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August 19, 2006

Oooooh!

Polly isn’t going to like this.

There's no evidence that being rich reduces average mortality, or that being poor increases it:

Bang goes one of the major arguments for her redistributionist project.

Inequality does NOT kill.

August 19, 2006 | Permalink

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Comments

There are countless studies supporting this thesis.

Posted by: james higham | Aug 19, 2006 1:54:30 PM

Would even Polly claim that inequality as such kills? That if my life doesn't change at all, but yours improves, I'll die younger?

Come to think of it, she just might...

Tim adds: Actually, yes, she does claim exactly that.

Posted by: P. Froward | Aug 19, 2006 2:39:21 PM

If Madame Dim really believed that inequality kills, she'd donate most of her income to the poor, wouldn't she?

Posted by: dearieme | Aug 19, 2006 3:10:05 PM

Inequality may not kill directly, but how about calculating deaths from envy or indeed just aggravated burglary?
It all looks a liitle bit simple to me or am I being naive?

Posted by: Rosalind | Aug 19, 2006 8:34:07 PM

Tim

You have quoted Mark Thoma's summary of the paper ("There's no evidence that being rich reduces average mortality, or that being poor increases it"), but as far as I can see this is not what the paper actually says.

As I read it, the paper finds is that there is no statistical relationship between mortality and inequality. In other words, while poor people have higher mortality than the rich - as you would expect, they do not have higher mortality in more unequal societies than they would at the same income level in a more equal society.

So I think that what Mark Thoma says, which you quote, is not correct. The evidence is that being rich does reduce mortality. What the paper shows is that being relatively rich does not reduce mortality.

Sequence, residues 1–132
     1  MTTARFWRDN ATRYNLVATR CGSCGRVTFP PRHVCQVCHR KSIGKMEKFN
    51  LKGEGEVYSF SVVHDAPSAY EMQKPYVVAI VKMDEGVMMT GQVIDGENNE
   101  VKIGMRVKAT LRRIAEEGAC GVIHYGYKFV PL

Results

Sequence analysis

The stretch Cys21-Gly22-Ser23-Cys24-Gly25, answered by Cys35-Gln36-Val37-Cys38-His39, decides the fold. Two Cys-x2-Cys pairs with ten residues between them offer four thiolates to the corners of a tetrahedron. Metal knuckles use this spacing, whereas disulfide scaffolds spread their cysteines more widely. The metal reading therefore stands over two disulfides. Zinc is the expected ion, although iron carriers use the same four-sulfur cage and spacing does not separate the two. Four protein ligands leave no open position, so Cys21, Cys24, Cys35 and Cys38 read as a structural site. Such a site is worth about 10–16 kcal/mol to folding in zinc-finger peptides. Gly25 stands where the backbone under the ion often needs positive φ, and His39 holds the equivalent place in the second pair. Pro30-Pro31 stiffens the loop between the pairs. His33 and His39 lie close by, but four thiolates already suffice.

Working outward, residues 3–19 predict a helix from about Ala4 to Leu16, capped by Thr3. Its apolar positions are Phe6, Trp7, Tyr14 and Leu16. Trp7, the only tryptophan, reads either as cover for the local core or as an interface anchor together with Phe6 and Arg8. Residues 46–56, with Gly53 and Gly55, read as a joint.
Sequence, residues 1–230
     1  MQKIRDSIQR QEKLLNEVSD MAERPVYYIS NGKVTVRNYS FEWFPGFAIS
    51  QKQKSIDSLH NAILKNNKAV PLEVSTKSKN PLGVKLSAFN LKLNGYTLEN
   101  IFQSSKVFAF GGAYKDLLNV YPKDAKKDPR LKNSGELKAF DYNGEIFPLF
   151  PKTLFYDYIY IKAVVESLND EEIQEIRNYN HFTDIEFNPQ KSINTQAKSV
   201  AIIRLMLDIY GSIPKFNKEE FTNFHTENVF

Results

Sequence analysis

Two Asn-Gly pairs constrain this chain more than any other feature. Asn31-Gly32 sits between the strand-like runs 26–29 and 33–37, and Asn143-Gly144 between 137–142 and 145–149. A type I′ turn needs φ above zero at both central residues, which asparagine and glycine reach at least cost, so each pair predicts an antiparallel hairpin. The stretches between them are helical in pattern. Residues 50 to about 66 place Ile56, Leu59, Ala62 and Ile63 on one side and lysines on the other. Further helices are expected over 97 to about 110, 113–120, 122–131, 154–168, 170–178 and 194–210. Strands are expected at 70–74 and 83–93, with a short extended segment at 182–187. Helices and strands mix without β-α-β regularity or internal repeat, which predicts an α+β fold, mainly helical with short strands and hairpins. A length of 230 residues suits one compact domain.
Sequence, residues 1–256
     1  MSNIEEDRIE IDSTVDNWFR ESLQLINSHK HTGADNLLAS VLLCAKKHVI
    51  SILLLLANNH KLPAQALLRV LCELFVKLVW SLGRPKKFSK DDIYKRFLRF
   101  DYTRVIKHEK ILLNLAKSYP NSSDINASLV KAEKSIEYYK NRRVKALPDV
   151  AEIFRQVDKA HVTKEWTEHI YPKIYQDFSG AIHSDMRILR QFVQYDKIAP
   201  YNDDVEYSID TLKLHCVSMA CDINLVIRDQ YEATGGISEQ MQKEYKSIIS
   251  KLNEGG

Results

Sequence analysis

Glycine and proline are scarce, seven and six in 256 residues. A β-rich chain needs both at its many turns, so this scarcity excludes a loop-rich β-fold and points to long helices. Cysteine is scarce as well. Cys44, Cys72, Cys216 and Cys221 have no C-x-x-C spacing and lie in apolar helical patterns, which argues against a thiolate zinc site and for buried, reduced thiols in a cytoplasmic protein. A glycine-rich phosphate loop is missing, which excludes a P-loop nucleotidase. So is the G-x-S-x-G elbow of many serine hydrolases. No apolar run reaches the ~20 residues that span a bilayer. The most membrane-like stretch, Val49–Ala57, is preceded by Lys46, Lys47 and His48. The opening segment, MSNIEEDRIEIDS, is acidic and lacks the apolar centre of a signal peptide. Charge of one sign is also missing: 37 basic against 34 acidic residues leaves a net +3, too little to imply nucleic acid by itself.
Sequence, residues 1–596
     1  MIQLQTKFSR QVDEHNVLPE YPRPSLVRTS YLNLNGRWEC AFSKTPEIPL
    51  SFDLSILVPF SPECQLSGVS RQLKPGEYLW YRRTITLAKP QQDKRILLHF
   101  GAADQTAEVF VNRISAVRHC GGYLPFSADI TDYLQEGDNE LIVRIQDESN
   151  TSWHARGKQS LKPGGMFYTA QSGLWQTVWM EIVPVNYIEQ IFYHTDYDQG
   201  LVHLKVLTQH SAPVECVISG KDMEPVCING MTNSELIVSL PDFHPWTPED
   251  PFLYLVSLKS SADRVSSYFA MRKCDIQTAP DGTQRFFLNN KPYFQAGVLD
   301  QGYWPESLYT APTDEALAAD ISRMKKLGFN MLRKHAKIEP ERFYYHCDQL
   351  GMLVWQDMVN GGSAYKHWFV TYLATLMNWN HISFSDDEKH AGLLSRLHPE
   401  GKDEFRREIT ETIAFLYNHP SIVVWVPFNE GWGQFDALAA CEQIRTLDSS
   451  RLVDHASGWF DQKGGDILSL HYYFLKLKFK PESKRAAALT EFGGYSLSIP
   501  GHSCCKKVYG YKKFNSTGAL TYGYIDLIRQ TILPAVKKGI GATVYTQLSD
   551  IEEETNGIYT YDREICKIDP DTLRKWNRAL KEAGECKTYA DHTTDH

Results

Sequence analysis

I am not aware that Polly Toynbee has ever claimed that there is a relationship between mortality and inequality (as opposed to a link between mortality and poverty) but then I don't read her as conscientiously as you do.

Owen

Tim adds: I’m pretty sure that’s what I say above. It is not inequlaity itself that kills. And yes, Polly has, repeatedly, said that it is the inequality itself that kills.

Posted by: Owen Barder | Aug 20, 2006 4:56:47 AM

I'm pretty sure it isn't.

Tim adds:

http://www.guardian.co.uk/Columnists/Column/0,,1566036,00.html

Yesterday's UN Human Development Report confirms a growing volume of international research showing that extreme inequality within nations does great damage whatever a country's overall wealth. Poorer countries sharing more fairly get better health, crime, education and social results than richer but more unequal countries. Since people are finely attuned to social status, the fate of those at the bottom of a pecking order within a rich society is far worse than those in a poor country who feel they belong among the generality. The UN figures show that exclusion kills, in both infant deaths and shorter lives.

Posted by: Owen Barder | Aug 20, 2006 6:39:51 PM

Tim, the research Mark Thoma links to doesn't really answer the question, because the measure of inequality they use is the share of income going to the top 10% of earners. So it shows that lots of relative *high* income doesn't affect mortality, but doesn't tell us anything about the effect of lots of relative *low* income. I'm sure I don't need to tell you that the two are quite different things. And the latter effect would be consistent with the findings of the Human Development Report Polly's talking about in your quote above.

Posted by: Jim | Aug 21, 2006 8:37:48 AM